I’d often heard people waxing lyrical about some amazing TED talks they’d seen and years back, we’d had a client refer to the TED site from a content and design inspiration perspective. So, I went on to explore several incredible talks for myself. I had an idea about TED, but TEDx and TEDxGlasgow; that was new to me. So, how did I go from an observer to a judge of the TEDxGlasgow Award?
I initially got involved through a colleague at work, TEDxGlasgow was looking for volunteers in the partnership team and we were hosting a team meeting for them at our office. Their passion and commitment was immediately clear and I thought; why not see what all the fuss is about?
Fast forward a few weeks to the day of the event, at the Royal Conservatoire, with a 6am rise on a Saturday morning. The place was buzzing with dozens of TEDx volunteers, with various teams receiving their instructions and being issued with their TEDx t-shirts. Still not really knowing what to expect, a tad bleary-eyed but excited, my role was to greet the corporate sponsors as they arrived and usher them to their respective chaperone for the day.
As the day unfolded, and I interacted with the people attending, worked with the other volunteers and managed to see some truly awesome talks (some of which brought people to tears, raucous laughter and rousing applause) I was just blown away. As a veteran of many ‘same old same old’ conferences and networking events, I was completely taken aback by the spirit and energy of every aspect of the day. The collective seemed genuinely interested in interacting and engaging with each other. Not forced, but friendly, not contrived, but comfortable.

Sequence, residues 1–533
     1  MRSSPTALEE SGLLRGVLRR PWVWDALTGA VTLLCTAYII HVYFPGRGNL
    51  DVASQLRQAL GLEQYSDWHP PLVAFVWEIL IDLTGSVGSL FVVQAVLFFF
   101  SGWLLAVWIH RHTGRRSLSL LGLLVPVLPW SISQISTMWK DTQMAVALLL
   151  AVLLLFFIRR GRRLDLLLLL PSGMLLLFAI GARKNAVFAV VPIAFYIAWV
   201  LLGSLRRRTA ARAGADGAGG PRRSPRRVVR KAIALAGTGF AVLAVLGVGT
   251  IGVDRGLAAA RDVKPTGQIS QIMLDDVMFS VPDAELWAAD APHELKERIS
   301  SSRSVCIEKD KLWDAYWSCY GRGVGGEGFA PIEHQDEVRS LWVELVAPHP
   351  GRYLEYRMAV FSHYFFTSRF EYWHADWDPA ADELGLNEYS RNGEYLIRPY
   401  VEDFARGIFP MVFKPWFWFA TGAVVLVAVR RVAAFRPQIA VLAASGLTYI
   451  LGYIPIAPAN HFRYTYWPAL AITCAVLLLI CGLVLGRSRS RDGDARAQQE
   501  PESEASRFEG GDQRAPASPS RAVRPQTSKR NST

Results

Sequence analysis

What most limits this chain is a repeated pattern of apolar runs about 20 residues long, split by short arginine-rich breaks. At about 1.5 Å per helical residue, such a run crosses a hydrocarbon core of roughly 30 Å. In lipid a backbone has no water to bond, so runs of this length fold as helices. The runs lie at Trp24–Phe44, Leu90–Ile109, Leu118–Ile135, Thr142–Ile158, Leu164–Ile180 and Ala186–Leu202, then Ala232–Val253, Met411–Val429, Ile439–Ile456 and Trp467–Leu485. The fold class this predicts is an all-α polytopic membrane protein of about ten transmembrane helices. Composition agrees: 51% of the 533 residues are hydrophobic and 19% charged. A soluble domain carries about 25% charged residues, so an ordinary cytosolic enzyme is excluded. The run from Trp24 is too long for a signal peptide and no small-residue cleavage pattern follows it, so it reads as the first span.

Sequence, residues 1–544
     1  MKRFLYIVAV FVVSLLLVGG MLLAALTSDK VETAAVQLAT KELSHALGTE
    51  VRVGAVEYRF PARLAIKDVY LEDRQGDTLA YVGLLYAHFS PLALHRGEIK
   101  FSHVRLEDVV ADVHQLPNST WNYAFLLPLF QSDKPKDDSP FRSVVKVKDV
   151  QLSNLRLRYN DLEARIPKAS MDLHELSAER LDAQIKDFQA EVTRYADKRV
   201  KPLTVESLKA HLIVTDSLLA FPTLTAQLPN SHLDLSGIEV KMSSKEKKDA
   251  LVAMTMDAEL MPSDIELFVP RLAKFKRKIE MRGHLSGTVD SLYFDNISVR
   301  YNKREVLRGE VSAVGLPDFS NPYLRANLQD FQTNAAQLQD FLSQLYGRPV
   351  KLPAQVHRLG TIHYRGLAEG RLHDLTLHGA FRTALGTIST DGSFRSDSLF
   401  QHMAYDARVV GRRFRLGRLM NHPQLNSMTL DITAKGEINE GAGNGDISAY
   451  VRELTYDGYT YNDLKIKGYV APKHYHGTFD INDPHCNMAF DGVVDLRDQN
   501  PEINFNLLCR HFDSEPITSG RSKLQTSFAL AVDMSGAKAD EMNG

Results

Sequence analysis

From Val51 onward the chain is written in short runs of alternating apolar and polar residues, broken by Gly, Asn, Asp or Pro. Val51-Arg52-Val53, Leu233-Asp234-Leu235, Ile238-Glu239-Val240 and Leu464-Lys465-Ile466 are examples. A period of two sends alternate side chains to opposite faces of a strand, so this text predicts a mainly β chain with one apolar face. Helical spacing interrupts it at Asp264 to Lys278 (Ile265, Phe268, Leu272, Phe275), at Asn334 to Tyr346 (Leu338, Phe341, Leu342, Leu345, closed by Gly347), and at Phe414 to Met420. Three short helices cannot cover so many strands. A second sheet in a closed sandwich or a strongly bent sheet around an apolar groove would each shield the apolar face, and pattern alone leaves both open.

The day finished and the night continued in the form of a thank you, after-party. The networking and conversation continued in the same vein. The whole thing ended with me being asked to relive the ‘good ole days’ and stand in for the DJ at the last hour, due to him being unable to make it. So, from a 6am start to a 2am finish (with my headphones dusted off), it was an amazing whirlwind of an experience, summing up the spirit of the event.
The main thing that came out of it for me was that I knew I had to get more involved. This was just the beginning.
The following year I returned to volunteer as a day team lead and, when unable to commit to volunteering the next year, I made sure I had a ticket to be there. My great experience meant that I wanted my team here, at After Digital, to be able to experience the same. So, I offered the entire agency the opportunity to attend as a volunteer or to give them a ticket to attend as a guest. With our Manchester office, I’d met lots of fantastic people in the business community there, who I convinced to make the journey north and join in too. They can speak for themselves, but based on the fact that many (if not all) of them are signed up to return again this year, I think I can comfortably say they found it an extremely inspirational and rewarding experience.
So, this year, when Pauline approached me and asked me to be a judge for the first ever TEDxGlasgow Award, I felt truly honoured. The possibility of uncovering a potentially game-changing idea and supporting the individual(s) in taking it to the next level, is both exciting and hugely fulfilling.
The judging panel is made up of five other individuals from a whole range of backgrounds, whom I look forward to hearing about more in the near future. Next week, we’ll come together for the judging day, where the 10 finalists will pitch their ideas and we’ll then look to find two candidates who will present to the TEDxGlasgow 2017 audience on the 2nd June. Having read about these ten ideas, I can’t wait to hear more from these fantastic finalists!
So, what is TEDx? For me, it’s an unparalleled, extraordinary experience.